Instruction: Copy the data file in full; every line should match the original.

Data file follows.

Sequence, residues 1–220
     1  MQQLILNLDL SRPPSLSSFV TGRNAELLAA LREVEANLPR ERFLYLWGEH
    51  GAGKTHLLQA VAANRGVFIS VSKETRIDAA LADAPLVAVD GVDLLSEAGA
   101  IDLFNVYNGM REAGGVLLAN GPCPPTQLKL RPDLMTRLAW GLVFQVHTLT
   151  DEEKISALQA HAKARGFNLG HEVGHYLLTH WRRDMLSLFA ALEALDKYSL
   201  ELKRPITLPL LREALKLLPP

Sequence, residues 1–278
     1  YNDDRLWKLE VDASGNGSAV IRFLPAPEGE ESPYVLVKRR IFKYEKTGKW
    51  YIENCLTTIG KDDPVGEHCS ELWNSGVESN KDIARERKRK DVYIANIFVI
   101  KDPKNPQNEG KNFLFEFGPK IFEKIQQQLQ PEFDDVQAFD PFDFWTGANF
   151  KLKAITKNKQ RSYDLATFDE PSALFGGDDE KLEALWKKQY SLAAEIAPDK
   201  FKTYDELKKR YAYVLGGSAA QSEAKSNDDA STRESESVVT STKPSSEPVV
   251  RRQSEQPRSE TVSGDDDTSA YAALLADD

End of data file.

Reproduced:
Sequence, residues 1–220
     1  MQQLILNLDL SRPPSLSSFV TGRNAELLAA LREVEANLPR ERFLYLWGEH
    51  GAGKTHLLQA VAANRGVFIS VSKETRIDAA LADAPLVAVD GVDLLSEAGA
   101  IDLFNVYNGM REAGGVLLAN GPCPPTQLKL RPDLMTRLAW GLVFQVHTLT
   151  DEEKISALQA HAKARGFNLG HEVGHYLLTH WRRDMLSLFA ALEALDKYSL
   201  ELKRPITLPL LREALKLLPP

Sequence, residues 1–278
     1  YNDDRLWKLE VDASGNGSAV IRFLPAPEGE ESPYVLVKRR IFKYEKTGKW
    51  YIENCLTTIG KDDPVGEHCS ELWNSGVESN KDIARERKRK DVYIANIFVI
   101  KDPKNPQNEG KNFLFEFGPK IFEKIQQQLQ PEFDDVQAFD PFDFWTGANF
   151  KLKAITKNKQ RSYDLATFDE PSALFGGDDE KLEALWKKQY SLAAEIAPDK
   201  FKTYDELKKR YAYVLGGSAA QSEAKSNDDA STRESESVVT STKPSSEPVV
   251  RRQSEQPRSE TVSGDDDTSA YAALLADD